Will Shortz

NPR's Puzzlemaster Will Shortz has appeared on Weekend Edition Sunday since the program's start in 1987. He's also the crossword editor of The New York Times, the former editor of Games magazine, and the founder and director of the American Crossword Puzzle Tournament (since 1978).

Will sold his first puzzle professionally when he was 14 — to Venture, a denominational youth magazine. At 16 he became a regular contributor to Dell puzzle publications. He is the only person in the world to hold a college degree in Enigmatology, the study of puzzles, which he earned from Indiana University in 1974.

Born in 1952 and raised on an Arabian horse farm in Indiana, Will now lives near New York City in a Tudor-style house filled with books and Arts and Crafts furniture. When he's not at work, he enjoys bicycling, movies, reading, travel, and collecting antique puzzle books and magazines.

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6:25am

Sun September 15, 2013
Games & Humor

A Most Noteworthy Puzzle

Originally published on Wed September 18, 2013 6:50 am

NPR

On-air challenge: Every answer is a familiar two-word phrase or name with the initials M.N. For example: Be pleasant in order to appease someone? Answer: Make Nice.

Last week's challenge: Name a famous person in history — four letters in the first name and six letters in the last. Move the first letter of all this to the end. The result will be a two-word phrase that might be defined as "beeline." Who's the famous person, and what's the phrase?

Answer: Marc Antony, arc antonym

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3:40am

Sun September 8, 2013
Sunday Puzzle

Close, But No Cigar

Originally published on Mon September 9, 2013 12:09 pm

NPR

On-air challenge: Each of the following answers is a made-up, two-word phrase in which the two words are homophones, and both words start with the letter C.

Last week's challenge from listener Henry Hook of Brooklyn: Think of a well-known celebrity who goes by a single name — the last two letters of which are alphabetically separated by only one letter (like A and C, or B and D). Replace this pair of letters with the one that separates them, and you'll have a common, everyday word. What is it?

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3:56am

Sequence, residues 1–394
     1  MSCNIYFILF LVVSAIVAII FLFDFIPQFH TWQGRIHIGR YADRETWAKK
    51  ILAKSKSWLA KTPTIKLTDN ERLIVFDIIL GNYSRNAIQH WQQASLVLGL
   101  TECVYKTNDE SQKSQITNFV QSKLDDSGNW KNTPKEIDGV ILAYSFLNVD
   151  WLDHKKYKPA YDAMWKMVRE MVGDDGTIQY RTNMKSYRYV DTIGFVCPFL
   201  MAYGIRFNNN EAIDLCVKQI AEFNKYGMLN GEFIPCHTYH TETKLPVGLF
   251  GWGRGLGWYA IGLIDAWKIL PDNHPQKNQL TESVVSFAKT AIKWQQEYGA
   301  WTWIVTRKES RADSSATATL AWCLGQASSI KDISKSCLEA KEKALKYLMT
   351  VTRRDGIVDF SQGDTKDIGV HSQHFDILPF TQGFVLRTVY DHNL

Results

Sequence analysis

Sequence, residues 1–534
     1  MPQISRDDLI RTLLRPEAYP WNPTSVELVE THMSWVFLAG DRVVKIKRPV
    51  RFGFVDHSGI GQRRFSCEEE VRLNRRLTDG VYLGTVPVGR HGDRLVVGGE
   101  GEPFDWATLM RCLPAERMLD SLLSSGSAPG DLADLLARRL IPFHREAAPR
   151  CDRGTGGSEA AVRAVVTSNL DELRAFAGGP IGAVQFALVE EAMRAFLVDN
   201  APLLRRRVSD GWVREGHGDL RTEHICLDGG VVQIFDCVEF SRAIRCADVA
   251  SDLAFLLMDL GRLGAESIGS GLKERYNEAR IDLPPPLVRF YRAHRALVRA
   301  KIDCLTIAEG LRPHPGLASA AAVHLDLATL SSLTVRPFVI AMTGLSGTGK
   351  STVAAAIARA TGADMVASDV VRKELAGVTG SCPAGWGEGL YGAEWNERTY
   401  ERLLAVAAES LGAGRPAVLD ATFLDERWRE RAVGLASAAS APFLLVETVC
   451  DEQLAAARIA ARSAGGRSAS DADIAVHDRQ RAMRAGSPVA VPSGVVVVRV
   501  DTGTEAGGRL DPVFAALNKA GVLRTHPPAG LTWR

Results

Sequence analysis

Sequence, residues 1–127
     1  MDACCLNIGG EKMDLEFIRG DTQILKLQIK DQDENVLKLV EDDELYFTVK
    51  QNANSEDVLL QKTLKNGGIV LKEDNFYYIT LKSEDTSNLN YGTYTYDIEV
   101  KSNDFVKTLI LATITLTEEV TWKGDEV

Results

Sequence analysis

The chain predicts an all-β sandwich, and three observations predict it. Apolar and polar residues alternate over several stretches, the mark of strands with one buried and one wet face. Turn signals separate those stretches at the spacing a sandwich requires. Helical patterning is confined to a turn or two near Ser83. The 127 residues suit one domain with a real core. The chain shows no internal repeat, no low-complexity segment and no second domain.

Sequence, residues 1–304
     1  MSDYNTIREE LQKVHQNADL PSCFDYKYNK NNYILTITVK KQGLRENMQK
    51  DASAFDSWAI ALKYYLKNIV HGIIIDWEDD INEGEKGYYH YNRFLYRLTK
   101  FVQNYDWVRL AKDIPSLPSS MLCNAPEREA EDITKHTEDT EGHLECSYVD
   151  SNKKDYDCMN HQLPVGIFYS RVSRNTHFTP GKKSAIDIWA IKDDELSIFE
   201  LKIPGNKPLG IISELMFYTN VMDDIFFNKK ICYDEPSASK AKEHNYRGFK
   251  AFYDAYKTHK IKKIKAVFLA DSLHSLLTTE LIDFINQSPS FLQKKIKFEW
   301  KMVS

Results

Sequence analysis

Sun September 1, 2013
Sunday Puzzle

Shh! Listen Carefully

Originally published on Sun September 1, 2013 12:42 pm

NPR

On-air challenge: Every answer is a familiar two-word phrase with the consecutive letters of S-H-H. Specifically, the first word in the answer will end in SH, and the second will start with H.

Last week's challenge: Think of a business that's found in most towns. Its name consists of two words, each starting with a consonant. Interchange the consonants and you'll get two new words — neither of which rhymes with the original words. What business is it?

Answer: Car wash

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3:18am

Sun August 25, 2013
Sunday Puzzle

It's All Greek To Me

Originally published on Sun August 25, 2013 9:22 am

NPR Graphic

On-air challenge: You're given some sentences. Each sentence conceals the name of a language in consecutive letters. Name the language. Each answer has five or more letters.

Last week's challenge: The Roman numeral for 38 is XXXVIII. What is special or unusual about this Roman numeral that sets it apart from every other Roman numeral that can be written?

Answer: If every possible Roman numeral were listed in alphabetical order, XXXVIII would be last.

Winner: Joseph Kuperberg of Pittsford, N.Y.

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6:25am

Sun August 18, 2013
Sunday Puzzle

A Matter Of Succession

Originally published on Sun August 18, 2013 2:07 pm

NPR Graphic

On-air challenge: You're given two words starting with the letter S. For each pair, give a third word — also starting with S — that can follow the first one and precede the second one, in each case to complete a compound word or a familiar two-word phrase.

Last week's challenge: A logic puzzle: "Nieces and nephews have I none, but that man's father is my father's son." What is the gender of the speaker? And who is the speaker referring to?

Answer: Male, the speaker is referring to his own son.

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